An Italian nobleman and warrior, Cangrande della Scala died suddenly in 1329. The acclaimed leader was suddenly stricken with gastrointestinal distress and ultimately succumbed to a bout of diarrhea at the age of 38. At the time, his death was attributed to his stomach flu but now, thanks to some 700-year-old poop, researchers have concluded he was met a more sinister fate.
A powerful leader of his day, della Scala had recently conquered the city of Treviso—in fact this happened just a few days prior to his sudden illness, according Discovery News. Many suspected that the timing of these two events was no coincidence, and there were rumors of foul play surrounding his demise. Ultimately, the reports of his death accredited his stomach bug to “drinking from a polluted spring.”
The rumors or poisoning made a comeback in 2004, after the discovery of della Scala’s mummified body in a marble tomb in Verona, Italy. The body was reportedly found very well preserved—so well, in fact, that archeologists were able to recover fecal matter in the rectum.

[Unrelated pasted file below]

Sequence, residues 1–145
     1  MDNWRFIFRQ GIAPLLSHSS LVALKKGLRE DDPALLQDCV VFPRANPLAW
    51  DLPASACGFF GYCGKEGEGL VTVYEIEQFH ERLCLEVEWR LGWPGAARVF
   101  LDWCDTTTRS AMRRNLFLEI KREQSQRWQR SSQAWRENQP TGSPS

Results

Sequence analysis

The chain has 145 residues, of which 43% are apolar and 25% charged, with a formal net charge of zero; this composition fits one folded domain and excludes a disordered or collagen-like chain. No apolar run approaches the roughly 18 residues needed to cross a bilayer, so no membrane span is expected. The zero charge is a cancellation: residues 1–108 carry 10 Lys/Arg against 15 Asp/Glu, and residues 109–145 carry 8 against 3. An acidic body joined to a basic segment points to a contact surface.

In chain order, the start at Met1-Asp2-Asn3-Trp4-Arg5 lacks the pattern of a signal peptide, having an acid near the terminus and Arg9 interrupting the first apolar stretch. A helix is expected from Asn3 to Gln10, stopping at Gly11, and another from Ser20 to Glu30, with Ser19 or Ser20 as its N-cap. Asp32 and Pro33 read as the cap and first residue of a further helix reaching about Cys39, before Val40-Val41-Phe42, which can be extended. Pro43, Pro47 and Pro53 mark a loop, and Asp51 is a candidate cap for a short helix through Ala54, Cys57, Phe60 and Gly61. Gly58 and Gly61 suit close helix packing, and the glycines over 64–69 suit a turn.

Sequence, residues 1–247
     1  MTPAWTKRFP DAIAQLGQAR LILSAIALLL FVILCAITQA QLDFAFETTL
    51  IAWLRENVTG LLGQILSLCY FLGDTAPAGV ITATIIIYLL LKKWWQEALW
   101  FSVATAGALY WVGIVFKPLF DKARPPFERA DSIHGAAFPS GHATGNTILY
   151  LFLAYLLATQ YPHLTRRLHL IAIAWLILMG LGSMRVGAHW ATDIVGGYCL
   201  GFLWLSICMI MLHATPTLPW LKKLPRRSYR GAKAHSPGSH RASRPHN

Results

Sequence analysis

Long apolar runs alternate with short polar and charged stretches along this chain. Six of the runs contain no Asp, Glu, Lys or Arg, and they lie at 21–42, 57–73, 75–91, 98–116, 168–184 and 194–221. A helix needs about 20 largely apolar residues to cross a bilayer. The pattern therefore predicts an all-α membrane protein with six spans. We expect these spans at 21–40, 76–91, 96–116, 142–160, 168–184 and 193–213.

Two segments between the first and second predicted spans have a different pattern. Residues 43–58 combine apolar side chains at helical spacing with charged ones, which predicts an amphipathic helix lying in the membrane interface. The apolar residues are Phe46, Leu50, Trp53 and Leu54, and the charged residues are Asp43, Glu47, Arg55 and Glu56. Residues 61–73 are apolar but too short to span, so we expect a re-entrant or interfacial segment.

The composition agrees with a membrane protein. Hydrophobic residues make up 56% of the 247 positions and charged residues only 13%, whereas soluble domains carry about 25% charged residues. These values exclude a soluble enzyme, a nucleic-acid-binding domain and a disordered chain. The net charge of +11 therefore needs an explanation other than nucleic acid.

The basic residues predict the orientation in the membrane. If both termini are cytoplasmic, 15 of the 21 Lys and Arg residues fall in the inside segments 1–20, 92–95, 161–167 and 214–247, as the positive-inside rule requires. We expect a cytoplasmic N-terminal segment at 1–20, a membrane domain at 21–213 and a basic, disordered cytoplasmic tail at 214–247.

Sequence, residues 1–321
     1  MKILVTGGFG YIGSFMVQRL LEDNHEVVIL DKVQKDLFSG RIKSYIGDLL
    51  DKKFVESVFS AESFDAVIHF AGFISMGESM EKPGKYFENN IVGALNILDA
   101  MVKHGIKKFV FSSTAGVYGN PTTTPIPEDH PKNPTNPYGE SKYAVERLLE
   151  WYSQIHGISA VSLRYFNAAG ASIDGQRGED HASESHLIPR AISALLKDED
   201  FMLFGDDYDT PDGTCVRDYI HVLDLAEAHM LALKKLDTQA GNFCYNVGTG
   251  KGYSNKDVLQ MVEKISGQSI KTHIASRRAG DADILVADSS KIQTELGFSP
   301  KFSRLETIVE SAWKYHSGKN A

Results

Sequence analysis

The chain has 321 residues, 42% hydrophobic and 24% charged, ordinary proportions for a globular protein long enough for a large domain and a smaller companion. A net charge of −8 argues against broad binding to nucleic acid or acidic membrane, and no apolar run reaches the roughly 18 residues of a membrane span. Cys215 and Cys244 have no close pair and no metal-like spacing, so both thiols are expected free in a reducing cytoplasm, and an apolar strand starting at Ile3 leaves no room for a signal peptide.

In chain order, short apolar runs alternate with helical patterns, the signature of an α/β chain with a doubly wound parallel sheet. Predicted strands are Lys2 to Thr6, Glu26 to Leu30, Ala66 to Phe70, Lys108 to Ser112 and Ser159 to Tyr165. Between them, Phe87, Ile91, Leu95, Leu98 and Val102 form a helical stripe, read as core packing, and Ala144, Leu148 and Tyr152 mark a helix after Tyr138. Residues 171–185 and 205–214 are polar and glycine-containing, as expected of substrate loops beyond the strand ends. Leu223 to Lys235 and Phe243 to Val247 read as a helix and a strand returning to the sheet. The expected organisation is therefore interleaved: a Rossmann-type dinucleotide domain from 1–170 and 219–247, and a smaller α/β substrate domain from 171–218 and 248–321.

Analysis of the feces confirmed that della Scala had in fact been poisoned with a deadly concoction of foxglove mixed with chamomile and black mulberry. Toxins consistent with this type of poisoning were also found in the liver. The symptoms from this type of poisoning are consistent with the gastrointestinal suffering experienced by della Scala in his last hours.
While the means of murder have been exposed, the perpetrator of this centuries-old crime remain a mystery—the truth of which we may never uncover.